The problem with that though is you don't know either way if it has lead in it or gold...

I'm putting my money on the veggie factories....



posted on Jun, 2 2009 @ 10:43 PM
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Okay as far as the eggs, well in my view, the taste is about 10 fold stronger if there is such a method of measuring.

Also the chicken meat is very very different to what i buy from the markets, umm, i think im trying to explain that in whole, they taste is more richer than what i have been accustomed to while living in the city or other city's around the world.

A prime example of this is when ever i travel there during summer and relatives collect olives for olive oil and they keep the first batch of straining which is called Virgin Olive Oil, its totally different to what i buy even though its called Virgin Olive Oil. I guess the production line of supply and demand has to do with all the differences which i know exist and perhaps my other fellow poster in here from Spain understand what i am trying to explain.

[edit on 2-6-2009 by tristar]



posted on Jun, 2 2009 @ 10:46 PM
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Originally posted by tristar

Is this the future of food? Japanese plant factories churn out immaculate vegetables 24 hours a day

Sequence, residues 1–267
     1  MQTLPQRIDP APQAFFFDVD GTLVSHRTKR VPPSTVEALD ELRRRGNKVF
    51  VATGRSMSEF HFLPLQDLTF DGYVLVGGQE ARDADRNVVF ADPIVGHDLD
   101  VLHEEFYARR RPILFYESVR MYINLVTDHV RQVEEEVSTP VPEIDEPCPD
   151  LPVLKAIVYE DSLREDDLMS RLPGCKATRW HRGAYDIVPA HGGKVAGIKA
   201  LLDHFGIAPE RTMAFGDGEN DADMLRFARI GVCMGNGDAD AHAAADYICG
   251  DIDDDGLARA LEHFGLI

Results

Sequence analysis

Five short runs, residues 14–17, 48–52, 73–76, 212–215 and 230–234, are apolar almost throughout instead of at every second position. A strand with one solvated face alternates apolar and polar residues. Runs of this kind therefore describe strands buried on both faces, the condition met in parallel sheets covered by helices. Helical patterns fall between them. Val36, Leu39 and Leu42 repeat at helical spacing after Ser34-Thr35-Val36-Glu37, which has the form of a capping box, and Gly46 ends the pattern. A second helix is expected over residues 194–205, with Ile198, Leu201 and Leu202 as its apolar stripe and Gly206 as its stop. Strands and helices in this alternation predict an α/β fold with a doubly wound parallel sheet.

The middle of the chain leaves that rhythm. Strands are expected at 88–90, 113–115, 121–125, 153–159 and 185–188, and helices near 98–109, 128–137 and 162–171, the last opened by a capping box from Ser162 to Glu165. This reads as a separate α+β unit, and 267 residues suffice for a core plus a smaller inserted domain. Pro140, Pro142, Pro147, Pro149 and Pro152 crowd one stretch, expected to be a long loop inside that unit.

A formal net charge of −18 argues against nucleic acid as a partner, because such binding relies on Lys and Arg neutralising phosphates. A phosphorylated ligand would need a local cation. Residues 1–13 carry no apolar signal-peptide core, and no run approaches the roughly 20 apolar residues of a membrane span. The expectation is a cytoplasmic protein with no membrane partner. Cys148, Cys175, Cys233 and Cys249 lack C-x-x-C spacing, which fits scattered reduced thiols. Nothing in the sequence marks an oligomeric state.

www.dailymail.co.uk

They look more like the brightly lit shelves of a chemists shop than the rows of a vegetable garden.

But according to their creators, these perfect looking vegetables could be the future of food.

In a perfectly controlled and totally sterile environment - uncontaminated by dirt, insects or fresh air - Japanese scientists are developing a new way of growing vegetables.
(visit the link for the full news article)


Related News Links:
www.biospheres.com


God I hope not. Uncontaminated? God created our food to grow in the dirt for a reason. And oh lets not contaminate our food with fresh air. That is going to be real healthy. What in the sh*t is wrong with people? Honestly, I have heard it all.



posted on Jun, 2 2009 @ 10:54 PM
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Originally posted by mattifikation
You know, I was just noticing the other day that as much as I love the taste of eggs, it's actually barely detectable. Even the thick yolk that coats my tongue tastes good, but weak.

Is that what you're talking about? I want to eat one of those eggs now...


Funny the other day my dad and I were talking about how things taste different now than they used to. Cheese for example does not tast like it once did. I used to love cheese now not so much I mean it is ok but not like it used to be. And eggs, they have litttle taste anymore, milk tastes more like water and penut butter is so sweet you barely tast the nut n it. I think this validates my theory as to why our nation (USA) is so obese, we are starving for REAL food, with REAL nutrients so we eat more and more to fill the void but never get enough. Example a carrot 20 years ago may have had X number of vitamens but that same carrot grown today has considerably less vitamens due to the mass production and the over usage of land over and over thus we are getting less nutrients.



posted on Jun, 2 2009 @ 11:02 PM
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reply to post by Melissa101